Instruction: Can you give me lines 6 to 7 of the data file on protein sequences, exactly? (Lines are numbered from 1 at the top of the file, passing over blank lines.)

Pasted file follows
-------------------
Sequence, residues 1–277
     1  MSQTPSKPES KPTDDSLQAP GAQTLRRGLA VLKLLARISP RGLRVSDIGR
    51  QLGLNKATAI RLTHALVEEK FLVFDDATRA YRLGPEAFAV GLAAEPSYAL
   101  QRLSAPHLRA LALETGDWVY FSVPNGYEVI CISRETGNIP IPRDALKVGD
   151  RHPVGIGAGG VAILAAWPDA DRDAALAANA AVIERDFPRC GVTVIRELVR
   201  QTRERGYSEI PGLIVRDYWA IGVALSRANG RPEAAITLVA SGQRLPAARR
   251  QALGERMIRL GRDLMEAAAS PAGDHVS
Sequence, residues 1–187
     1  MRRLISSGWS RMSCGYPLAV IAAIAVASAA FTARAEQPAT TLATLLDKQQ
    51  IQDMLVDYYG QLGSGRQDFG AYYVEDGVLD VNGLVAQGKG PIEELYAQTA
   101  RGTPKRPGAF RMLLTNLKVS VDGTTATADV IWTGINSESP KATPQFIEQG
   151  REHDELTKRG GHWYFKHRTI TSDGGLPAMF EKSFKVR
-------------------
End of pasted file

   201  QTRERGYSEI PGLIVRDYWA IGVALSRANG RPEAAITLVA SGQRLPAARR
   251  QALGERMIRL GRDLMEAAAS PAGDHVS